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Letting my cat out for the first time

Discussion in 'Cat Chat' started by yams33, Feb 26, 2014.


  1. yams33

    yams33 PetForums Newbie

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    Hi there,

    New to the forum so please let me know if there's somewhere else I shold post this! Thanks to the lovely lady who directed me this way!

    We have a 9 month old kitten, who has never been outside. We are about to install a cat flap into our front door that leads onto the pavement and a no through road. So the road is pretty quite but we have no garden. There is a reasonable amount of greenery and a school with a big garden behind us and around the community but we are inner city.

    We have a lead and harness and will walk her around the neighbourhood to get her used to the area. I keep having cold feet about this and would like some advice and help please! I think she would be much happier being able to go outside but I am concerned about her safety.

    Thanks for help in advance!
     
  2. Chillicat

    Chillicat PetForums VIP

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    Sorry I don't have any advice as my cats are indoor ones and never go outside, but wanted to say welcome to the forum :D and I am sure someone will be along soon with some helpful advice :eek:
     
  3. spotty cats

    spotty cats PetForums VIP

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    I couldn't have outdoor cats, mine are purrfectly happy being indoors with their outside time in an enclosure or on a harness.
     
  4. Jannor

    Jannor PetForums VIP

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    Hi and welcome

    I've never used a harness as I have cat run instead so can't help there.

    I would say if you are really sure she has to be let out at all, then maybe leave it until the summer. She'll be a little older by then and it will be easier for you to stay out and supervise her. It's not just traffic they can into trouble with, there are foxes, dogs, getting stuck up trees, other cats, eating stuff/plants she shouldn't etc.

    Is it a microchip cat flap? Otherwise you'll have other cats getting in and terrorising her (unless you have a dog).
     
  5. Etienne

    Etienne Dad to Puss and Shadow

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    My cats do go outside. The reasons they do is when I first met them (6 months apart) they were living outside already :thumbdown:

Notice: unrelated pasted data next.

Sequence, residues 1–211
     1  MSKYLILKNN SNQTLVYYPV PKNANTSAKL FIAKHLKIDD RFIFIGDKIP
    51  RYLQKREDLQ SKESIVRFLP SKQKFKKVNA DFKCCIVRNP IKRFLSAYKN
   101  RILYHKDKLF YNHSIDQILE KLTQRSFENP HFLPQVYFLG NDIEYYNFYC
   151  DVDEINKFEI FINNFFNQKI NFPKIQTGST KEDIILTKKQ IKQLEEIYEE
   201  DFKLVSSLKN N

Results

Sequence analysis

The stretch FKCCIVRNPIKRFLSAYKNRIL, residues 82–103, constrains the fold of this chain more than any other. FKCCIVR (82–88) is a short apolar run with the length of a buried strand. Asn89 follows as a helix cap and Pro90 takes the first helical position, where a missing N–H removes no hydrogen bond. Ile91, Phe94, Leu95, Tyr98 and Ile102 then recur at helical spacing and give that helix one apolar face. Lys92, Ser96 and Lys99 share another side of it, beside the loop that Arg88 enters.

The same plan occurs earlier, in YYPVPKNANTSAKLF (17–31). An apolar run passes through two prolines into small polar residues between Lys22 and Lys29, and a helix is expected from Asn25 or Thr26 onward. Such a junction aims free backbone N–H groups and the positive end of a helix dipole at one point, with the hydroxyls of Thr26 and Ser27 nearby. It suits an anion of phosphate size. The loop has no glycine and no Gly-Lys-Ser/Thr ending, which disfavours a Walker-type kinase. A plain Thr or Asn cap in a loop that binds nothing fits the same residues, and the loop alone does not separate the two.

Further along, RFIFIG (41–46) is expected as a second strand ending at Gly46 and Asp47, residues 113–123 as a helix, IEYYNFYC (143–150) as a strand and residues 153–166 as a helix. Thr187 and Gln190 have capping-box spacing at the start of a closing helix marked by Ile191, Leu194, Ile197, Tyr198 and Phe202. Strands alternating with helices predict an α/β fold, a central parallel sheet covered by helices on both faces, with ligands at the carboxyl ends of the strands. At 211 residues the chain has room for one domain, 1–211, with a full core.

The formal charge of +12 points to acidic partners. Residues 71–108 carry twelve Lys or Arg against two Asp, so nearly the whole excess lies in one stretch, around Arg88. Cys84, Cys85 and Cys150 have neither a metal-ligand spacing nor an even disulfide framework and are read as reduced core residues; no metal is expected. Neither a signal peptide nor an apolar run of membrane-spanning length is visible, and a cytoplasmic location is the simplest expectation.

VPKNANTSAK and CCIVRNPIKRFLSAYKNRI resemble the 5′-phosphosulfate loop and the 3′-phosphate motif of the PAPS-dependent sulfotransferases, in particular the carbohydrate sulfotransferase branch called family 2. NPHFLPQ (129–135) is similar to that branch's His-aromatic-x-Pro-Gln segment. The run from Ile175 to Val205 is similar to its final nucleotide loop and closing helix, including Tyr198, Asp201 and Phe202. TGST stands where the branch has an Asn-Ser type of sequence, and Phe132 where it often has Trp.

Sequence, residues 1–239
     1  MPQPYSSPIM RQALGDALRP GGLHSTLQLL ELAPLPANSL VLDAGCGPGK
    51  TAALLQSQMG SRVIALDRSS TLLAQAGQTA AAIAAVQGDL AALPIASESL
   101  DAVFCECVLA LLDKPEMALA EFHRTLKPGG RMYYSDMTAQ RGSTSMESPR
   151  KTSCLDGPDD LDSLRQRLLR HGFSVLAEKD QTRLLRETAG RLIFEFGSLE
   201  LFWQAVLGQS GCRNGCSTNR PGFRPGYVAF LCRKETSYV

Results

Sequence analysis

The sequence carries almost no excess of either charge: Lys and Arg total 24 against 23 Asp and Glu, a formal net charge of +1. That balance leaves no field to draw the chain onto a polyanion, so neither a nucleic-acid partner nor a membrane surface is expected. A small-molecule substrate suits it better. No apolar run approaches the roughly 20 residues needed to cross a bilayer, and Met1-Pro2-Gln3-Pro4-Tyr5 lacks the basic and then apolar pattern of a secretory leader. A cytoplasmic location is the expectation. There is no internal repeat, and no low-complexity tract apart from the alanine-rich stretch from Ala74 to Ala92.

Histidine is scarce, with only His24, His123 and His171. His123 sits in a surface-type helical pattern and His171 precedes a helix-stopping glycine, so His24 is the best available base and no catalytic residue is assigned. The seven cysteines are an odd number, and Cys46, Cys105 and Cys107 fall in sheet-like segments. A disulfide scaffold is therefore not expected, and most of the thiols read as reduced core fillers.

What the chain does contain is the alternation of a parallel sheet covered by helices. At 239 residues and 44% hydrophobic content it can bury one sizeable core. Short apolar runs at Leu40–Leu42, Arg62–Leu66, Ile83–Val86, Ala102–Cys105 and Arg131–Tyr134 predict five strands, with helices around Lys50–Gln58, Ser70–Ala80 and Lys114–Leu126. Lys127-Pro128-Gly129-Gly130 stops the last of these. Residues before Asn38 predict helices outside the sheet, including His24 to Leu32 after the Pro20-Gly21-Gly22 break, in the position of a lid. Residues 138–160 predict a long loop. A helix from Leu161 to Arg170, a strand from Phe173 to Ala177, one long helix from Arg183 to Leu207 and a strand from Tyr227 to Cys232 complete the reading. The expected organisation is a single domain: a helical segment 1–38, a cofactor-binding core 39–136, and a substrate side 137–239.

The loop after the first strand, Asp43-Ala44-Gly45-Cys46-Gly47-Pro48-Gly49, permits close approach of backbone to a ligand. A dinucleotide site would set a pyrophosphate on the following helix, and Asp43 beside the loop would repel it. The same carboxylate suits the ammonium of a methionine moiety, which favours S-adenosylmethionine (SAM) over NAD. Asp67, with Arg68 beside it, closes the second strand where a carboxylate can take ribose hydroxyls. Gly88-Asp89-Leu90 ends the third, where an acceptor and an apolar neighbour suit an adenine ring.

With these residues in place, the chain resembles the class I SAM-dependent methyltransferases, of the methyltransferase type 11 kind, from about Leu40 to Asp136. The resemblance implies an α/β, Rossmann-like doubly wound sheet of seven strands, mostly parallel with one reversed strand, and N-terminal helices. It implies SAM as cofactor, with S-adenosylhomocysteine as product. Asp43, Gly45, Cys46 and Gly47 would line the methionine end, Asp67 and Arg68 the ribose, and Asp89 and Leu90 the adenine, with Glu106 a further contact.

Eventually they now only go outside for about 3 hours a day and are happy to stay in the rest of the time.
    When they are out that doesn`t stop me or my Father worrying when they are out of site and when they are gone passed their lunchtime we are out there calling them until they return.

    My advice is to you is keep you cat safe inside. She has never been outside so she wont know what she is missing. If you must let her out are you able to build an enclosure or secure your garden?

    Sorry if this is not what you want to hear but that is my opinion rightly or wrongly.
    Please keep your cat safe :D
     
  6. korrok

    korrok PetForums Senior

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    Usually it's recommended not to let a cat go outside on their own until at least 12 months, and usually better to wait and start in the warmer weather.

    Unfortunately I do agree with some others here. Growing up, we always had outdoor cats but as an adult I would not let mine out, biggest fear being the risk of being run over. A lot of people seem to take it as a "fact of cat life" that they may be hit by a car and killed but they're my family members and it's my job to take care of them, so I absolutely wouldn't take the risk. :/ An enclosed garden or run is a brilliant idea if you have room for it, or just using the harness.
     
  7. Sophiebee

    Sophiebee PetForums VIP

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    Another harness/safe garden advocate here, its safer for her and if you are concerned its far less worrying for you to know she is safe. My boy loves his harness as he associates it with outside, and will come running if he sees me pick it up, he even knows to lift his paw so i can fasten it!

    Edit: forgot to say, welcome to the forum, we would love to see pics of your girl :)
     

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  8. Dumpling

    Dumpling PetForums VIP

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    Welcome to the forum :)

    Like many others here my kitten will be an indoor cat only, as a child our cats where always outdoor and all but one were hit by cars :(

    If you do decide to let her out, as others have said maybe wait until she is a year old, but if you do decide to go down the indoor route, there are lots of knowledgeable people people on here who can advise about cat pens, harness training etc :)